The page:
Washington: Musicians get more out of music because their brains are better able to synchronise with rhythm, a new study has found. Cortical oscillations – the rhythmic firing of neurons in the brain – are fundamental to our ability to hear and process sounds. Aligning the frequency of these cortical oscillations with the frequency of the sounds we wish to focus on allows us to better tune into these sounds.
New York University researchers have discovered the same kind of synchronisation happens when we listen to music, and the better we are at synchronising our brain waves with the music, the better we process the music. Lead author and PhD candidate Keith Doelling and Professor David Poeppel mapped neuronal activity in the brains of 27 non-musicians and 12 musicians as they listened to three clips of classical music multiple times.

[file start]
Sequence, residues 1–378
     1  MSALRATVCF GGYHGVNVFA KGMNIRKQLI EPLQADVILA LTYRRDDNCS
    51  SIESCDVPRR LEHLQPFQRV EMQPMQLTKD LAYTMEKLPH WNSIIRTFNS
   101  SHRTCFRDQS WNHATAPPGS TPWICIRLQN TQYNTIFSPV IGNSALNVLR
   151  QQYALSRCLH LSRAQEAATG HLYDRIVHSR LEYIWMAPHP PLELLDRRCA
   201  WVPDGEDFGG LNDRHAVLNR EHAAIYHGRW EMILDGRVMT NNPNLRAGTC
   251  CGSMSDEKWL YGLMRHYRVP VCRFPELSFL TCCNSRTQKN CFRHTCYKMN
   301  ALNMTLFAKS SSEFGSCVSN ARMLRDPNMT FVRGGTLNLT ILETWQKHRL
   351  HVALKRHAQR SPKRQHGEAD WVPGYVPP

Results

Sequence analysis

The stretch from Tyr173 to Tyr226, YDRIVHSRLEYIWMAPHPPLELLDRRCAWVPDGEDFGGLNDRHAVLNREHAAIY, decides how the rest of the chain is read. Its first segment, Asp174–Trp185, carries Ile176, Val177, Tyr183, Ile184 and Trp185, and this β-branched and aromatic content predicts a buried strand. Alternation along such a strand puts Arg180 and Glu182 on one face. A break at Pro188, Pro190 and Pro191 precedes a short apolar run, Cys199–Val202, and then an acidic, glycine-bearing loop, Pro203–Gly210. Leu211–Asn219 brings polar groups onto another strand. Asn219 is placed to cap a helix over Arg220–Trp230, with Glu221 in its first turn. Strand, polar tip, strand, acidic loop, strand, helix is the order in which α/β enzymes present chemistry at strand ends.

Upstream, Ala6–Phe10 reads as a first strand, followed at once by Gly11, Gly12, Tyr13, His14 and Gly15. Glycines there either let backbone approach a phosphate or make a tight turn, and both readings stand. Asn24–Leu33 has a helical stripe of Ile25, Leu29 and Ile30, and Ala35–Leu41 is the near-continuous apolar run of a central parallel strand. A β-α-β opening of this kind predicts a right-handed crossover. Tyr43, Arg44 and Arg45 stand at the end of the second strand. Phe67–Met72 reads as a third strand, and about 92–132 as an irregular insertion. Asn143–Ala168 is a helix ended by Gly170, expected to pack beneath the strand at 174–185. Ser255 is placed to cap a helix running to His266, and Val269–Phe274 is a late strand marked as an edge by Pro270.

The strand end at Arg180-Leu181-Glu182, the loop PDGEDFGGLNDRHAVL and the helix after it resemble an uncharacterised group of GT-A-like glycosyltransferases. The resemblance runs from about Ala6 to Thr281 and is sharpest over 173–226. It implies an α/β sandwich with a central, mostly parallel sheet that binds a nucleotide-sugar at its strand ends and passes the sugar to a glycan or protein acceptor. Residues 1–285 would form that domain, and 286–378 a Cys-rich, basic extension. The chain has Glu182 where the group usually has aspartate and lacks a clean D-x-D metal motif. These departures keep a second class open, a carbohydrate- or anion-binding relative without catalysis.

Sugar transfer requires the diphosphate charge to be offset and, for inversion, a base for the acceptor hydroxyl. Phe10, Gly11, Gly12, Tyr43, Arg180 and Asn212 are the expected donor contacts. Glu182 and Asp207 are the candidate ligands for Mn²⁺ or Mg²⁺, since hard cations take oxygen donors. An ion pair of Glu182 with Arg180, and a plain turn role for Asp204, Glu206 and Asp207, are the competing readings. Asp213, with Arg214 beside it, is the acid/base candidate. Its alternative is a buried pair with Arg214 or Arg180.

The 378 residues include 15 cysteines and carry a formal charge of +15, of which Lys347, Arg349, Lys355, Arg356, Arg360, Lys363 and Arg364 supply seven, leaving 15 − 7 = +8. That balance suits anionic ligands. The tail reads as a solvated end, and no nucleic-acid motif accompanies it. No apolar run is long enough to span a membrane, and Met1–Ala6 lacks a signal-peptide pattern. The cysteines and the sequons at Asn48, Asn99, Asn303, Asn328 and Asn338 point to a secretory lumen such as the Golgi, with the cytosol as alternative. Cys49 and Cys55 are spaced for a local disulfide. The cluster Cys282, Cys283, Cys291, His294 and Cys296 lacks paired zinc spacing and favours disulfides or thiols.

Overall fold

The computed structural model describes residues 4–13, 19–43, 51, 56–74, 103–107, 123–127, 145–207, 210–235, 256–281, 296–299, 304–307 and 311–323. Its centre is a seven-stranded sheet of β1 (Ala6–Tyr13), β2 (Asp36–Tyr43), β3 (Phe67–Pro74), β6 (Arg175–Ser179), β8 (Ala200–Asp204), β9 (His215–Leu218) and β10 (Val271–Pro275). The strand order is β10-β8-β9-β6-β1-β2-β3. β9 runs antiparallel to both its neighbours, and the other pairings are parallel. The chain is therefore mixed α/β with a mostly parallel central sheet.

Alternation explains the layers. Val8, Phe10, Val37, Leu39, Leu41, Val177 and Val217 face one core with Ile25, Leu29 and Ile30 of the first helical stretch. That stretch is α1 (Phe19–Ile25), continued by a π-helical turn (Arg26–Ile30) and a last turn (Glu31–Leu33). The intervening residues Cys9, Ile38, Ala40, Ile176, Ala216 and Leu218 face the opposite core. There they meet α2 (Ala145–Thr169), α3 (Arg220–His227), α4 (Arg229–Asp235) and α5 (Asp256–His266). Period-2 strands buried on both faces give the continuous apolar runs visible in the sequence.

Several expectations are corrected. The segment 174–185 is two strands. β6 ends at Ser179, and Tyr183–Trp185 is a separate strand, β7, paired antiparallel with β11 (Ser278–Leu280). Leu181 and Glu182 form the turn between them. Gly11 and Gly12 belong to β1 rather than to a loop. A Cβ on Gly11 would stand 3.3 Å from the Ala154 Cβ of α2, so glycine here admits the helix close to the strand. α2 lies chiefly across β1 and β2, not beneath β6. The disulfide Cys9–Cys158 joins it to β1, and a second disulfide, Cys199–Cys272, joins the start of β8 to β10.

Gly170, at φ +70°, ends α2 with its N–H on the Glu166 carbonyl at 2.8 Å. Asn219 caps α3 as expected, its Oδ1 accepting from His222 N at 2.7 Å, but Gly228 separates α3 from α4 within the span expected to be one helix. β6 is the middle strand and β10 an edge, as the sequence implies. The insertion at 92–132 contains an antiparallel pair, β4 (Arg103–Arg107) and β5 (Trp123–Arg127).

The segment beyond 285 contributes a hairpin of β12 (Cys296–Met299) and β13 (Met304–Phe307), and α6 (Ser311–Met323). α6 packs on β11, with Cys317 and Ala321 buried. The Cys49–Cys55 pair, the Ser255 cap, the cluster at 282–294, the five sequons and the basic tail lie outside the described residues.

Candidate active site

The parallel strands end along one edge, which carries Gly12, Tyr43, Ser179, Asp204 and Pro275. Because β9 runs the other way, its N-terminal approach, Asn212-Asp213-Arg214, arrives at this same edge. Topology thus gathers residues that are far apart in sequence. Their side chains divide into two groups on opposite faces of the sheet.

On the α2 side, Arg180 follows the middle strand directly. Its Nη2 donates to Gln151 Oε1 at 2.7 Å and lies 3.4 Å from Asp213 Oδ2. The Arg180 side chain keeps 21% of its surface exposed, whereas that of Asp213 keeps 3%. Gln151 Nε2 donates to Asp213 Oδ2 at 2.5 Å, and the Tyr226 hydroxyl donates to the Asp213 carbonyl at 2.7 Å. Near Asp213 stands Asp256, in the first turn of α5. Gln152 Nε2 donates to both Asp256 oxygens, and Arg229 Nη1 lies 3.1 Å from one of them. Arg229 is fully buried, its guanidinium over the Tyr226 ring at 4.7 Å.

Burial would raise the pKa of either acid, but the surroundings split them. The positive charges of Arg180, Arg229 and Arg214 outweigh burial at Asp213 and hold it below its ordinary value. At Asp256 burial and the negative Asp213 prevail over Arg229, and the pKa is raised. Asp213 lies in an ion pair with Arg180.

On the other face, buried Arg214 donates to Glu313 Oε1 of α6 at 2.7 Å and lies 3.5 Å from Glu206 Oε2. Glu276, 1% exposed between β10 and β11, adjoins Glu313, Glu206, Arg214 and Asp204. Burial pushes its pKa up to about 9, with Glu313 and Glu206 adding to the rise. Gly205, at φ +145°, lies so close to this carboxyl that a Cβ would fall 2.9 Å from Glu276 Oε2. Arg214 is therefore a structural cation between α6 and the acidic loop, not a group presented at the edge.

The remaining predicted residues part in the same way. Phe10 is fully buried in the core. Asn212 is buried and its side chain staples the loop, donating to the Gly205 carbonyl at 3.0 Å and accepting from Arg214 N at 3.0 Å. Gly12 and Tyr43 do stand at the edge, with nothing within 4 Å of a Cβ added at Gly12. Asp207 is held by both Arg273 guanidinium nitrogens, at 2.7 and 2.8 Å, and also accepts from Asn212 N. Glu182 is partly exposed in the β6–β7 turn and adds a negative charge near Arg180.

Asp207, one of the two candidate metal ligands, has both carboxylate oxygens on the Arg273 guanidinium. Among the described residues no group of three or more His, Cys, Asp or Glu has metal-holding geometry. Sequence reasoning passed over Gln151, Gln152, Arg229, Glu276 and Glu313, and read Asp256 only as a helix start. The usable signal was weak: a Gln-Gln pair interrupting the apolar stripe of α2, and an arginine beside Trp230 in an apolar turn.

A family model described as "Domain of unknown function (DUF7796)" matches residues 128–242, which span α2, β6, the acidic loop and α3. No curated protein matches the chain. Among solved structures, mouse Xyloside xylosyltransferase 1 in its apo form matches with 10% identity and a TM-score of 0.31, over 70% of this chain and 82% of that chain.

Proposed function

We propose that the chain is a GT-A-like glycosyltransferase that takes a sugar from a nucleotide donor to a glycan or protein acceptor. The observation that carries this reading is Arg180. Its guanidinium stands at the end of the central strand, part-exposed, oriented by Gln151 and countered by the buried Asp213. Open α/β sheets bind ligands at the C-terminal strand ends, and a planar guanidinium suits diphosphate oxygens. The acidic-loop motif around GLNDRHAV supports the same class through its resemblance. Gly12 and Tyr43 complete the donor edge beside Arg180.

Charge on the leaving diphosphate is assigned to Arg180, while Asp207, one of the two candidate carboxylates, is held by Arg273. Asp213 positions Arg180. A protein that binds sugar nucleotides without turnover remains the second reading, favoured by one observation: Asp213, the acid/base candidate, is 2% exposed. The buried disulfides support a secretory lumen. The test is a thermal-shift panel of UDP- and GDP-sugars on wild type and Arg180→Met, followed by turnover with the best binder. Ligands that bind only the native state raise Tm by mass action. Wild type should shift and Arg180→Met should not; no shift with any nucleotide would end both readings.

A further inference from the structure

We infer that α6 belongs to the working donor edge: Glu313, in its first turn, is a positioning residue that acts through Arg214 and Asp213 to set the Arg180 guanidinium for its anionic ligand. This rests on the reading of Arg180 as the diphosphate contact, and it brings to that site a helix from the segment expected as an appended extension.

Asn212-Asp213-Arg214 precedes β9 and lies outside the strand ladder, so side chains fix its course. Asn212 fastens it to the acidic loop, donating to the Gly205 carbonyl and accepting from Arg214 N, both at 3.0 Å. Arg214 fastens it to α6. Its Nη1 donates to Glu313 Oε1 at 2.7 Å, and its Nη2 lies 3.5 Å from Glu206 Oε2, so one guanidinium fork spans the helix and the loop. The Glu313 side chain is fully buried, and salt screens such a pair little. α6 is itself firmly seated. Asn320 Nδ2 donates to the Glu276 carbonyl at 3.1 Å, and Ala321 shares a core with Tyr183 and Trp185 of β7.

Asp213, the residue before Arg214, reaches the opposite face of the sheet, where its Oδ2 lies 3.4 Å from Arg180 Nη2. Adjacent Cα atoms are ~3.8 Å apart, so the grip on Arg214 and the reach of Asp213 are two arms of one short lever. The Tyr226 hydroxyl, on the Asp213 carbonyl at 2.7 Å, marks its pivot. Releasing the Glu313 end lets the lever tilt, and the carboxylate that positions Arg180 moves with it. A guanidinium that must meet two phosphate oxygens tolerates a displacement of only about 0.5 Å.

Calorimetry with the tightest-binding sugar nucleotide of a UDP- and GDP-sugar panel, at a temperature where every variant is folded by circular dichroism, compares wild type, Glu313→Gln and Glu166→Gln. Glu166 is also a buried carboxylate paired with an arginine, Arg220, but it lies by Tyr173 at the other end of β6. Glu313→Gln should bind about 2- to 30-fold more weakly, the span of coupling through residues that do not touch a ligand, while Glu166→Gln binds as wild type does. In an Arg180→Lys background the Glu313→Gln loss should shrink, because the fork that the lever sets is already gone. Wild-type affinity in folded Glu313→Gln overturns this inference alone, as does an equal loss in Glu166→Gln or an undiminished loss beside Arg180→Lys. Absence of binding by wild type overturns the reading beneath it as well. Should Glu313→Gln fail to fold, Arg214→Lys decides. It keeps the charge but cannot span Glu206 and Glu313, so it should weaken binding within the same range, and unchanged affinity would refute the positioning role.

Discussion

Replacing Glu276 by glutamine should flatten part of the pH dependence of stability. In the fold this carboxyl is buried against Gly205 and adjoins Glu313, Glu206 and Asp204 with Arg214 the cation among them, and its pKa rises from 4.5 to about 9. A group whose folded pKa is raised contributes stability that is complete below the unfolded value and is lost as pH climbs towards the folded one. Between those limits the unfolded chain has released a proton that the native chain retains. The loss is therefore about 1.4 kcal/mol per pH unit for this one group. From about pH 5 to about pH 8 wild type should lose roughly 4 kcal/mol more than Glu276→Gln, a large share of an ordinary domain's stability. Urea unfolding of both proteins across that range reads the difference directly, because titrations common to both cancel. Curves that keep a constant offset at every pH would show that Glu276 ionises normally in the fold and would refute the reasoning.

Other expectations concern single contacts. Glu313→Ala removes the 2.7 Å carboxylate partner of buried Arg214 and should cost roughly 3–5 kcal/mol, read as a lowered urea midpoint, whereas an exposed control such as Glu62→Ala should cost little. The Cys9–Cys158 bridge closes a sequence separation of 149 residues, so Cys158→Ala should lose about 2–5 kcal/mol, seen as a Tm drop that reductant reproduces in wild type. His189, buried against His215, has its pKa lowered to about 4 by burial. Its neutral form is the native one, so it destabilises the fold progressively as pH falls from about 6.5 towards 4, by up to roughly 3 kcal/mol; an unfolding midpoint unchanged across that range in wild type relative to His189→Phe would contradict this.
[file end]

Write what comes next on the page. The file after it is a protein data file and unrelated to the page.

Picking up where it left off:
They found that the cortical oscillations of both musicians and non-musicians synchronised with the tempo of the different pieces of music, but musicians were better at tracking very slow beats; less than one beat per second. “Maybe non-musicians are having a harder time gro ping the notes, so if you hear a note that just once every two seconds you might not really make it into a melody, you might just see it as individual notes,” Doelling said.
The musical clips were from music by Bach, Beethoven and Brahms and the musicians who participated in the study came from a wide range of musical backgrounds, ‘ABC Science’ reported. “The more musicians had been training, the longer they had been training, the more they were able to synchronise,” Doelling said.
The study also showed that the degree of synchronisation affected how well listeners processed the content of the music itself. The researchers tested this by including a slight pitch distortion at one point in the musical segment, and asking listeners firstly if they heard the distortion and secondly, if the pitch went up or down during the distortion.
They showed that participants whose cortical oscillations were better synchronised with the music were also better able to pick the pitch distortion.